By Steve Shardonofsky, Linda C. Schoonmaker, Vanessa Rogers, and Joshua D. Seidman

Seyfarth Synopsis:  Last April, the Dallas City Council passed an ordinance requiring employers to provide employees who work within the City of Dallas with 48 or 64 hours of paid sick leave per year, depending on size.  Despite pending lawsuits challenging the legality of the ordinance, the ordinance took effect August 1, 2019. Since that time, the City of Dallas has limited its enforcement to violations that constitute unlawful retaliation. On April 1, 2020, full enforcement will begin. 

As enforcement draws near, employers  should take a close look at the ordinance, regulations and administrative guidance and their respective policies to ensure compliance, to the extent they have not already done so.  This article provides a recap of the paid sick leave requirements in Dallas and outlines the penalties facing employers who do not comply.

Effective August 1, 2019, pursuant to Dallas’ Earned Paid Sick Time ordinance (the “Dallas Sick Time Ordinance”), employers with more than five employees at any time in the preceding 12 months are required to provide their employees with paid sick leave.  Businesses with five or fewer employees in the preceding 12 months have until August 2021 to comply.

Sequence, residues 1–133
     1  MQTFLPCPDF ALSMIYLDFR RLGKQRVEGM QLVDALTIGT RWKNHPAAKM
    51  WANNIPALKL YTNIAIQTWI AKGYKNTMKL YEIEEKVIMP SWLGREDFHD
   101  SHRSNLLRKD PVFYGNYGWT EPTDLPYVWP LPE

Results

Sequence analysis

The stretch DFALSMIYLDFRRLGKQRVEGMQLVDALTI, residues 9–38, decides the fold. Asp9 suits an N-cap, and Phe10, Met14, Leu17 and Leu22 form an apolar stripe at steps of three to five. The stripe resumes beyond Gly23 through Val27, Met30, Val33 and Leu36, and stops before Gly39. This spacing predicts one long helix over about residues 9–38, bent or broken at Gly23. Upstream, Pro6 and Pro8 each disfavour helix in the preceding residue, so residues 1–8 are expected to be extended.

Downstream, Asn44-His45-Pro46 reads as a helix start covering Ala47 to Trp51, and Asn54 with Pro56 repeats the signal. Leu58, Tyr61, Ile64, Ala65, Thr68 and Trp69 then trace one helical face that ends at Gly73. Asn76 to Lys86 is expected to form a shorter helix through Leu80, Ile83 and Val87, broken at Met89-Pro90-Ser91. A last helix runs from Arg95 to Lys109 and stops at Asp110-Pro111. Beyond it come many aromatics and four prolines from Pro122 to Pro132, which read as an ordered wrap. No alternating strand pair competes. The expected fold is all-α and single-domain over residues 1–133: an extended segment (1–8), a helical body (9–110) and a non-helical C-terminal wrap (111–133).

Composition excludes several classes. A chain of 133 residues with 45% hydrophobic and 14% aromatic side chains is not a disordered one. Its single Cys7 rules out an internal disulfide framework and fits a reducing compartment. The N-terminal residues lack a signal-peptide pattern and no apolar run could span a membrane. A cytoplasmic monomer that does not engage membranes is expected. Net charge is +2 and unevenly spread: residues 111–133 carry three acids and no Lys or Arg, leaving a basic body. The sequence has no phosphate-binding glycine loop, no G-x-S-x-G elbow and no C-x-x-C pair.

Below is a summary of the Dallas Sick Time Ordinance:

  • Definition of Covered Employees: Eligible employees include individuals who perform at least 80 hours of work for pay in Dallas in a year for an employer, including work performed through the services of a temporary employment agency. The Dallas Sick Time Ordinance, however, excludes independent contractors, as defined by the Texas Administrative Code, and unpaid interns from the definition of employee.
  • Definition of Covered Employers: Employers are defined broadly to include any person, company, corporation, firm, partnership labor organization, non-profit organization, or association that pays an employee to perform work for an employer and exercises control over the employee’s wages, hours, and working conditions. Covered employers do not include the United States, State of Texas, and City of Dallas governments and any agency that cannot be regulated by city ordinance.
  • Accrual Rate and Cap: Employees accrue one hour of earned paid sick time for every 30 hours worked in the City of Dallas, up to 64 hours of earned paid sick time per year for medium or large employers (defined as an employer with more than 15 employees at any time in the preceding 12 months, excluding the employer’s family members) and 48 hours per year for small employers (i.e., employers with 15 or fewer employees).[1]